ProgramEarth Science and Engineering
KAUST DepartmentPhysical Science and Engineering (PSE) Division
Embargo End Date2021-11-30
Permanent link to this recordhttp://hdl.handle.net/10754/666153
MetadataShow full item record
Access RestrictionsAt the time of archiving, the student author of this dissertation opted to temporarily restrict access to it. The full text of this dissertation will become available to the public after the expiration of the embargo on 2021-11-30.
AbstractThe advancement of both electronics and instrumentation technology has fostered the development of multi-physics platforms that can probe the earth’s subsurface. Remote, non-destructive testing techniques have led to the increased deployment of electromagnetic waves in sensor technology. Electromagnetic wave techniques are reliable and have the capacity to sense materials and associated properties with minimal perturbation. However, meticulous data analyses and mathematical derivations reveal inconsistencies in some formulations. Thus, revisiting the fundamental physics that underlies both electrical impedance experimental setups and electromagnetic properties are paramount. This study aims to unravel inherent limitations in the understanding of the relationships between electromagnetic and non-electromagnetic properties that are relevant to the characterization of fluids in porous media. These correlations pervade porosity, permeability, specific surface, pore size distribution, tortuosity, fluid discrimination, diffusion coefficient, degree of saturation, viscosity, temperature, phase transformation, miscibility, salinity, and the presence of impurities. The focus is on the assessment of liquids, soils, rocks, and colloids using broad spectral frequency complex permittivity, conductivity, magnetic permeability, and nuclear magnetic resonance relaxometry. Broadband electrical properties measurement for saturated porous media can provide multiple physical phenomena: Ohmic conduction, electrode polarizations, Maxwell-Wagner spatial polarizations, rotational, and segmental polarizations. Liquids dominate the electromagnetic signatures in porous media as dry minerals are inherently non-polar and non-conductive. Results reveal that voltage drops due to the discontinuity of charge-carrier at the electrode-electrolyte interface named electrode polarization inherently affect the low-frequency electrical measurements both in two- and four-probe configurations. Rotational polarizations that occur in MHz-GHz ranges are defined by the electrical dipole moment and effective molecular volume. Both viscosity and effective molecular volume govern the NMR transverse relaxation time. An engineered soil suspension with ferromagnetic inclusions exhibits excellent characteristics for drilling fluid application. Overall, the study highlights the complementary nature of conductivity, permittivity, and NMR relaxation for the advanced characterization of fluid saturated geomaterials.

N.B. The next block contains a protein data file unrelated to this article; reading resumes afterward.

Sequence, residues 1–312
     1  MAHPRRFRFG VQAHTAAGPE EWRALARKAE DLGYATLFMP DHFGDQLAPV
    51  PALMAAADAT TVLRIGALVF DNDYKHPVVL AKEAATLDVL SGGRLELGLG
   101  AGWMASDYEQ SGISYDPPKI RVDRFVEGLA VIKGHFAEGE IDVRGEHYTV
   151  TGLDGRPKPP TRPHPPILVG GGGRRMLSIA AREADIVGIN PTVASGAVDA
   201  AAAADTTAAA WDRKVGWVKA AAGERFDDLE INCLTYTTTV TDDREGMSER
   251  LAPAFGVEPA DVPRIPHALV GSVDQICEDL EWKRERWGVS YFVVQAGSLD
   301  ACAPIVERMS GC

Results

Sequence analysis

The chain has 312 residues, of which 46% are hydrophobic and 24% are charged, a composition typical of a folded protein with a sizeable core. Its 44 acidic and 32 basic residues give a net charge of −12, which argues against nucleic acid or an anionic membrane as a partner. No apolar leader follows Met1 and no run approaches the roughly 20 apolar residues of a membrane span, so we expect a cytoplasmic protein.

CitationHakiki, F. (2020). Electromagnetic Properties of Geomaterials. KAUST Research Repository. https://doi.org/10.25781/KAUST-27B40